Exemestane belongs to a class of drugs called aromatase inactivators. These medications are responsible for decreasing circulating estrogen, and affect cancer by acting on breast cancer cells that may be estrogen dependent. Exemestane is a selective treatment for some postmenopausal women with hormone dependent breast cancer. The medication is for postmenopausal women with advanced breast cancer whose disease has progressed following tamoxifen therapy.
Aromatase inhibition is a method of controlling breast cancer cell growth, in cases where the cancer cells have grown resistant to tamoxifen. Aromatase inhibitors may be poised to take the place of tamoxifen. As their name implies, these compounds inhibit aromatase, an enzyme that helps make estrogen. Exemestane is actually slightly different from the other two medications in that it has a "steroidal structure."
Exemestane is a hormonal drug that prevents the growth of breast cancer by inhibiting the enzyme aromatase, which is involved in the production of estrogen. Exemestane significantly lowers the amount of estrogen in post-menopausal women by inhibiting the conversion of androgens (made in the adrenal glands) to estrogen. Exemestane is one of a new group of drugs called the aromatase inhibitors. They bind to an enzyme involved in estrogen production in the breast. Their role in breast cancer is, like the more well-known drug tamoxifen, to block the action of estrogen in tumors that are otherwise stimulated by it. But aromatase inhibitors act on a different part of the pathway.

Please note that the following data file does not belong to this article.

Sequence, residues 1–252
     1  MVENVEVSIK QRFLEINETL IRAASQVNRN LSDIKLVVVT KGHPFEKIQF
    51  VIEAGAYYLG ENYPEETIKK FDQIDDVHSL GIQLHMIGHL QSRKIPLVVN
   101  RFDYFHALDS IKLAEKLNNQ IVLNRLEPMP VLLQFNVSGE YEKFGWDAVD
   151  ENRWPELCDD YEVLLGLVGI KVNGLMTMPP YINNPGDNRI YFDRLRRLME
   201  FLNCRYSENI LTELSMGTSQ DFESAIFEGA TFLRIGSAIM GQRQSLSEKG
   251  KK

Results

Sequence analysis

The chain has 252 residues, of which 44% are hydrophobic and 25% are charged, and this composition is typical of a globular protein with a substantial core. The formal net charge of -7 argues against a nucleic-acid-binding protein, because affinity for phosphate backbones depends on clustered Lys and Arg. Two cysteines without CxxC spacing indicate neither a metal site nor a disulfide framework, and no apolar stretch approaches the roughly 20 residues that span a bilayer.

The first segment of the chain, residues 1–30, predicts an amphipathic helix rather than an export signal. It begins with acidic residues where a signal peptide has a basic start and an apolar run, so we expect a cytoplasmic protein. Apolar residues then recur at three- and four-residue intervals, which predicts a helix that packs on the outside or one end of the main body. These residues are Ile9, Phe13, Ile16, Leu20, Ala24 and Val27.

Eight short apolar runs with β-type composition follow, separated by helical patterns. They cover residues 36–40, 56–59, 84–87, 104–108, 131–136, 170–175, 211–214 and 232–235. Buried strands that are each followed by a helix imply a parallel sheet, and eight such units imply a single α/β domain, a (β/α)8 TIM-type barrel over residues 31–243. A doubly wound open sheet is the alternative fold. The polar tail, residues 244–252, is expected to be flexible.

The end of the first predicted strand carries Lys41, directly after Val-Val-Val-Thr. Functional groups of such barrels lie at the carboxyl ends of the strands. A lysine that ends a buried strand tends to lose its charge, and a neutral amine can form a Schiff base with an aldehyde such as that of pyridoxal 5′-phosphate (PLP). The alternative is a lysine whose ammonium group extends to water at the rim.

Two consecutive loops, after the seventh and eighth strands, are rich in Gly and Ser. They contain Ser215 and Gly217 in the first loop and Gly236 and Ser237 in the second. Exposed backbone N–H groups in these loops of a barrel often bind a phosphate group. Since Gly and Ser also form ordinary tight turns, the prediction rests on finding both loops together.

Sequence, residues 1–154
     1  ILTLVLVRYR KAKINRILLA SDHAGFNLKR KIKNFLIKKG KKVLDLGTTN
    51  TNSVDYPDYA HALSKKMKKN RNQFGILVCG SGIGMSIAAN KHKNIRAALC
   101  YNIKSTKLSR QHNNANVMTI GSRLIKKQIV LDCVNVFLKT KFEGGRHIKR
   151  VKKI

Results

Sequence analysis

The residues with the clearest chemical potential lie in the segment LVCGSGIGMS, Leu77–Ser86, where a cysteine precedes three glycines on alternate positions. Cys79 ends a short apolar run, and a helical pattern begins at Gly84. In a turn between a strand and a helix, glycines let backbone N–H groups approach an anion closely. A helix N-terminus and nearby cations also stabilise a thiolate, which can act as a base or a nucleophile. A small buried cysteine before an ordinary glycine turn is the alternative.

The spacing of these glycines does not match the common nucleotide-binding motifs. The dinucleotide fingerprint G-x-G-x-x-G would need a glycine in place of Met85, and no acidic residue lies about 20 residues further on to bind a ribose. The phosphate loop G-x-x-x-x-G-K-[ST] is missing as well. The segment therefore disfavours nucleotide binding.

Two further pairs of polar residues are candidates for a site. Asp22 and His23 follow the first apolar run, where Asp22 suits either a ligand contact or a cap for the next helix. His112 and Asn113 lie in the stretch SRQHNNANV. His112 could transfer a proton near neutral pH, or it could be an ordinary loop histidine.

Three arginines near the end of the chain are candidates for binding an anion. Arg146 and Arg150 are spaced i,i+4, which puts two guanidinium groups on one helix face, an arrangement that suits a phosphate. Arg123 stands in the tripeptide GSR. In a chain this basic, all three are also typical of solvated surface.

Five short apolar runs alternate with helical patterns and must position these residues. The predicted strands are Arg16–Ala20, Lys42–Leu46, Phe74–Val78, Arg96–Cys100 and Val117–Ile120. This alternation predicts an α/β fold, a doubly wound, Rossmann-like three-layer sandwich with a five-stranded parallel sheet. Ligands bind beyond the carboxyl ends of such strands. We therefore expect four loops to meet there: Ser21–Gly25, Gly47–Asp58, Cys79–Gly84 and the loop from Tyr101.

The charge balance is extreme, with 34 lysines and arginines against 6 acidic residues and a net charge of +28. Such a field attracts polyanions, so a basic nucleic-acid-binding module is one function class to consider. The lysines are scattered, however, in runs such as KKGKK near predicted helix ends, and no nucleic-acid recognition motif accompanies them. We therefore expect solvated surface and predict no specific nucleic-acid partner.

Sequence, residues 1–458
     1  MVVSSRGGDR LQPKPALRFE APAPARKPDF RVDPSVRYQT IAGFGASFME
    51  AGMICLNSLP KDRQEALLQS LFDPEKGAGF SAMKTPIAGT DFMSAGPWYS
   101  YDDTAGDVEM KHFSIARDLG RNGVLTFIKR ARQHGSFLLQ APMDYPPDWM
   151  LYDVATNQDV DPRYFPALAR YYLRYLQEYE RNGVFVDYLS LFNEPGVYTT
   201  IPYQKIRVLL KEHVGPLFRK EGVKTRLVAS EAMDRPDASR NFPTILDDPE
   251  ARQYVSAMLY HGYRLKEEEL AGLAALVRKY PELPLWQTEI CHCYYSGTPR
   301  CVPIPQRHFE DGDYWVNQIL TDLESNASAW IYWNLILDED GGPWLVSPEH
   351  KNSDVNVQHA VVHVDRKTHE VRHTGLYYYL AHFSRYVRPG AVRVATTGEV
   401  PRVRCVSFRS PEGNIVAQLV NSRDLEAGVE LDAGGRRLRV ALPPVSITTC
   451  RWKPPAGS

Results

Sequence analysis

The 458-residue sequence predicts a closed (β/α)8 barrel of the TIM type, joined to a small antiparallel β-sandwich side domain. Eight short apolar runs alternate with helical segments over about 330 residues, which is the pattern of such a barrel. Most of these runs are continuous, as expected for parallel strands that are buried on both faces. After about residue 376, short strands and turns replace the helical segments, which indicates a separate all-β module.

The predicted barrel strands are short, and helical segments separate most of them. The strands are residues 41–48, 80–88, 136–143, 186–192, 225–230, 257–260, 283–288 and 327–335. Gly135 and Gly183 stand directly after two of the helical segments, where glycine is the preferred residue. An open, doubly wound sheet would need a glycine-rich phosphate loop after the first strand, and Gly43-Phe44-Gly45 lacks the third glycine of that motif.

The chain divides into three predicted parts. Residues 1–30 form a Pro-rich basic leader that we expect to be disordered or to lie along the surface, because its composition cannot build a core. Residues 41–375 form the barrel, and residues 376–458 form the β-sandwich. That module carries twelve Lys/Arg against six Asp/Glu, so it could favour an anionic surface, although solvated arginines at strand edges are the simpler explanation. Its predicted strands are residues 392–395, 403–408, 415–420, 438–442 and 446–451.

Exemestane is the only aromatase inactivator and works by irreversibly binding to the protein aromatase, which ultimately blocks the entire conversion process that is responsible for creating the active form of estrogen. This reduces levels of the active form of estrogen in the body, so that cancer cells are depleted of necessary growth stimulant. Exemestane has already been approved by the Federal Drug Administration (FDA) for use in post-menopausal breast cancer patients who have stopped responding to tamoxifen. Results of one of several trials evaluating exemestane as initial treatment for women with advanced estrogen receptor-positive breast cancer were recently reported.